I am humbled to present Katherine Clark’s newest piece, or as I am blessed to say: My friend, Kate, wrote this. I read it days ago, and my mind is still blown. I wish I could write a commentary on this piece, but I fear the length would nearly double her own! Sadly, our family left before seeing the speakers at the LPA Conference in DC, but the message is shared so eloquently below…

If you do nothing else in life:
notepad

 

“Leave a Trail of Genius”

I would like to begin this conversation by sharing a mother’s written account on the birth of her daughter.  The mother’s daughter was born with Achondroplasia and her narrative genuinely expresses feelings of anguish, uncertainty, and hope.  She presented her “story” in front of a group of physicians at Akron Children’s Hospital back in the early 1990’s.  The mother’s intention was designed to engage inquiry, as well as enlighten physicians on the subject of skeletal dysplasia and its medical needs.  The mother stated:

It has been almost ten years since our second daughter was born.  I still remember great joy in that delivery room, but it has been a very long road since that morning.  Within an hour after her birth, our pediatrician came to my room, while my husband was happily calling all the relatives.  In the most matter of fact way, he asked me if anyone had told me about the baby? He proceeded to tell me, without my husband present, that something was wrong with her … she was what they called an F.L.K. … a funny looking kid.  He said he suspected that she had some sort of genetic problem and that they were getting ready to send her over to Children’s Hospital for skeletal X-rays.  I was literally numb.  When my husband came back into the room I was in hysterical tears and he had no idea what I was talking about.  Of course the doctor was gone.

If sharing these emotions with you makes you a little uncomfortable, they were meant to.  Not only did that pediatrician lack compassion and consideration of my lack of medical knowledge, but his greatest fault was that even six months later he had not offered any help to us as parents. Yet we indeed had a child with certain physical handicaps requiring medical attention…all I knew was a fourteen letter word that meant my little girl would only grow four feet tall.  That same pediatrician had mused that I really was not so very tall myself and that we should just ‘take her home and love her’ (qtd. in Adelson 126).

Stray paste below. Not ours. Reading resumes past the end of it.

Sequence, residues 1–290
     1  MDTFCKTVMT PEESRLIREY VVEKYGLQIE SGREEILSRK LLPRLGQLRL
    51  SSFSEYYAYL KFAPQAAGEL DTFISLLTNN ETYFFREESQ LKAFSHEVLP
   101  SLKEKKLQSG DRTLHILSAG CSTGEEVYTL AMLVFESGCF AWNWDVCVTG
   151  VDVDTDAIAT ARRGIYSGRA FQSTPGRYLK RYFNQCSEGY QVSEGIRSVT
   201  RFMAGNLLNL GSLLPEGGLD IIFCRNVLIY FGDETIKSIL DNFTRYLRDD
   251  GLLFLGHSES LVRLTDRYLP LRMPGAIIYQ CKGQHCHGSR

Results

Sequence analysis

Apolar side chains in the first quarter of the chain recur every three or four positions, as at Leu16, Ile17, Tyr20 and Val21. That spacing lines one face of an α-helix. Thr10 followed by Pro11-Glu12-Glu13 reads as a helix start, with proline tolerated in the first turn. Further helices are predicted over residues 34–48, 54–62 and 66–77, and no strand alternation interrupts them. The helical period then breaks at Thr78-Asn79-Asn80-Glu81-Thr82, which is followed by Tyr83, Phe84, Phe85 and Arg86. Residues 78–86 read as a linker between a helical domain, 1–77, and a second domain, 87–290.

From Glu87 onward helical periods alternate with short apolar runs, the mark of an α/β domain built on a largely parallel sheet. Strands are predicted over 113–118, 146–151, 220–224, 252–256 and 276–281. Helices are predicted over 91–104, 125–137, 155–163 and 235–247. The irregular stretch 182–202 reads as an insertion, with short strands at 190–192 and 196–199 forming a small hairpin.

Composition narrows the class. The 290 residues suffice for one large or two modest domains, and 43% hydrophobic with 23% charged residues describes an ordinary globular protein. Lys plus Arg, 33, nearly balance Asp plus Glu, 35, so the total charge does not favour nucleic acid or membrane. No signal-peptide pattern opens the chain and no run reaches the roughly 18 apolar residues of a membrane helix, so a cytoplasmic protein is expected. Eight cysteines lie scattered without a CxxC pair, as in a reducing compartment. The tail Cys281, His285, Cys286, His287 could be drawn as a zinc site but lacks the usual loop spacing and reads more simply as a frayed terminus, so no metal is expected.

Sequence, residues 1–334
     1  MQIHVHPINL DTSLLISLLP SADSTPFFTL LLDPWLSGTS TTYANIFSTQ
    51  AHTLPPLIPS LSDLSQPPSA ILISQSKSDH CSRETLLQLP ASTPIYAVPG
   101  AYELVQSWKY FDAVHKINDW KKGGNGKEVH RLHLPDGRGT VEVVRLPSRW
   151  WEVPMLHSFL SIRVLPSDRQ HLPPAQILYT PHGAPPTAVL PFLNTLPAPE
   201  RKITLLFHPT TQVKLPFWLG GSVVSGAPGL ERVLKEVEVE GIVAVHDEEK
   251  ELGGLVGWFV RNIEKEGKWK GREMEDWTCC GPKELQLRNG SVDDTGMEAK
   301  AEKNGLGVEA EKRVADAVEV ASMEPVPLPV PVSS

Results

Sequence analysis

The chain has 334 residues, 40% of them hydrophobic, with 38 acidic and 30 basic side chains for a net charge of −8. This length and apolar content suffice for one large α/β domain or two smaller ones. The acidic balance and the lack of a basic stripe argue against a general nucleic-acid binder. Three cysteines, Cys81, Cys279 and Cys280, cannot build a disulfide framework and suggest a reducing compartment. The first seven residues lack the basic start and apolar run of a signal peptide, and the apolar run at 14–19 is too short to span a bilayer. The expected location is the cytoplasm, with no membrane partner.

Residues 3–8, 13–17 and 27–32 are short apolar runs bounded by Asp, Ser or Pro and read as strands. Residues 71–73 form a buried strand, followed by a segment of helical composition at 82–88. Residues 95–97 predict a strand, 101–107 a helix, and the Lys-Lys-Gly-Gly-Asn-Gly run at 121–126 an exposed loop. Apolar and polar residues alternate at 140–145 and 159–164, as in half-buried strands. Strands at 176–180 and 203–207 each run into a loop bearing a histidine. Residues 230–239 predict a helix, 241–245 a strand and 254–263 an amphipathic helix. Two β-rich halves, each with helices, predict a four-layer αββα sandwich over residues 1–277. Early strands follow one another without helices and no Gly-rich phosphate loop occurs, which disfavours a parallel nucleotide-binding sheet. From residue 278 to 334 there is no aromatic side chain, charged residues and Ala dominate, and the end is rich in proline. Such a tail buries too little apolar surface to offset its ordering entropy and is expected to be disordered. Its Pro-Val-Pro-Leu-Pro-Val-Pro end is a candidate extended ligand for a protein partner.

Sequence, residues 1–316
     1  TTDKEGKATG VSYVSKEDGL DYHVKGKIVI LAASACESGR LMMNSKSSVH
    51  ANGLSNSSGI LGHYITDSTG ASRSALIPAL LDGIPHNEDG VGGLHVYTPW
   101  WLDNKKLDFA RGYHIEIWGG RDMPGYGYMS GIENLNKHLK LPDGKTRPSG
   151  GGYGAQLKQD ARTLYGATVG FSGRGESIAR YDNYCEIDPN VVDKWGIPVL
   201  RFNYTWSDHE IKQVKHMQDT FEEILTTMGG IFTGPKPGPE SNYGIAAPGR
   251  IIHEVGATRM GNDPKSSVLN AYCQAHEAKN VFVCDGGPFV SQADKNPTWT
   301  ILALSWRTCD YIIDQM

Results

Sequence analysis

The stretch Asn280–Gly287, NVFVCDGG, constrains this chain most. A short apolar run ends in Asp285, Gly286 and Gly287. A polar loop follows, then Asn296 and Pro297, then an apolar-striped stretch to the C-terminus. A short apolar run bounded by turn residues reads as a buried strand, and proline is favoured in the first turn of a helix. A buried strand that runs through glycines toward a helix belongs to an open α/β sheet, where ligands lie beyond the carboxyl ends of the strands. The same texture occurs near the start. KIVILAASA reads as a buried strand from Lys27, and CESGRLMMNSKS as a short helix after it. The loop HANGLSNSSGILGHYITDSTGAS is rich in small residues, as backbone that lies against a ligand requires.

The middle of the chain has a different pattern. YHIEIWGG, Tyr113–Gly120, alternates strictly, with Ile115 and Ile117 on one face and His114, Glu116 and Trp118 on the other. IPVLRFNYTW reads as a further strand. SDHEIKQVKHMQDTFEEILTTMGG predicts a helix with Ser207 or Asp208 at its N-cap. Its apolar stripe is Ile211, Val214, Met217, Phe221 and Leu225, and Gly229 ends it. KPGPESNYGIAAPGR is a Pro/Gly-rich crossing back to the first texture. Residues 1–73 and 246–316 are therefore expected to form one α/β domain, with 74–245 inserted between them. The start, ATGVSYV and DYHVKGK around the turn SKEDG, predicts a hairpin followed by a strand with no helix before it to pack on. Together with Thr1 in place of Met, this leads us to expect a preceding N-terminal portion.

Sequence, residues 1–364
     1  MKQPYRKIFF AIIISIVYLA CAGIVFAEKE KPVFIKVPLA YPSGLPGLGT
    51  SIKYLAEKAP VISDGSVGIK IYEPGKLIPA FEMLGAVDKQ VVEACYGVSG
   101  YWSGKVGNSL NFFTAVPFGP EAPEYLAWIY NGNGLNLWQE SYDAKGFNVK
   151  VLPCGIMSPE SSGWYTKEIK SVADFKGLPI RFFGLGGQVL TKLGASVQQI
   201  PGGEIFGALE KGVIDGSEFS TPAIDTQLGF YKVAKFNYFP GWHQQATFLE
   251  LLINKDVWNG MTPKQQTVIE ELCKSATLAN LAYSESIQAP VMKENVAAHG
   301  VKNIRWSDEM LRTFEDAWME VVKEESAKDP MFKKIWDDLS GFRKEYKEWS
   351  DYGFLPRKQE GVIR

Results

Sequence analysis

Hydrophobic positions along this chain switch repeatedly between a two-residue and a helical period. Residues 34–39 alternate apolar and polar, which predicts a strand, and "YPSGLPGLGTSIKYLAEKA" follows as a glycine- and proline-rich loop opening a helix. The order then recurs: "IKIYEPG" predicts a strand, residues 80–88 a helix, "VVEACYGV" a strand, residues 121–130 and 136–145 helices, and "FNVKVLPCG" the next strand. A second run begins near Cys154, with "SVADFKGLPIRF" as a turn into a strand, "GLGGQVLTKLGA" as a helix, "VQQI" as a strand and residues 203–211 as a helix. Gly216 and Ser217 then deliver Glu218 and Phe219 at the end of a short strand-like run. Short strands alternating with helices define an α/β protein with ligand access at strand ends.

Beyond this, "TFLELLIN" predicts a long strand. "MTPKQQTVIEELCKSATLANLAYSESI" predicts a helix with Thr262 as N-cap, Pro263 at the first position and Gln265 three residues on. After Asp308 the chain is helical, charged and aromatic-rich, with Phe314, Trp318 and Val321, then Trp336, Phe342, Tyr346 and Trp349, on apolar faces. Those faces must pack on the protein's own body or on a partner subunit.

Audiences can further read about MY mother’s presentation in Betty M. Adelson’s detailed and informative book, The Lives of Dwarfs.  Yes, I said “my” mother.  Shockingly what I find “uncomfortable” 32 years later, the exchange between physicians and parents with children of varying skeletal and hormonal dysplasias (still) reveals a lack of empathy, similar to what my own mother experienced.  I’m left scratching my head as to why little has changed, but I greatly appreciated two important Keynote speakers at the LPA National Conference in Washington, DC:  Andrew Solomon and Rick Guidotti.

                I know several people who like to record their thoughts in either a daily journal or diary.  I’m not one of those people; however, I do have a unique way that I go about documenting life’s important words, phrases, and memories.  I carry with me a small steno pad; it’s usually in my purse.  And when I hear either a word or profound statement spoken by a stranger, friend, or colleague – I write it down.  Of course, I include both appropriate date and “oracle.”  I was disappointed to find I did not have my beloved steno pad in the contents of my purse, while away last week at the National Conference.  It bothered me.  Its absence broke the continuity of my learning ritual.  Determined to find a replacement, I noticed a small notepad strategically placed near the phone in my hotel room.  And at the top of the notepad read the phrase:  “Leave a trail of genius.”  Both the educator and lifelong learner in me knew I could not attend either any given workshop or keynote address without this substitute notepad.  Thus I carried it with me all week.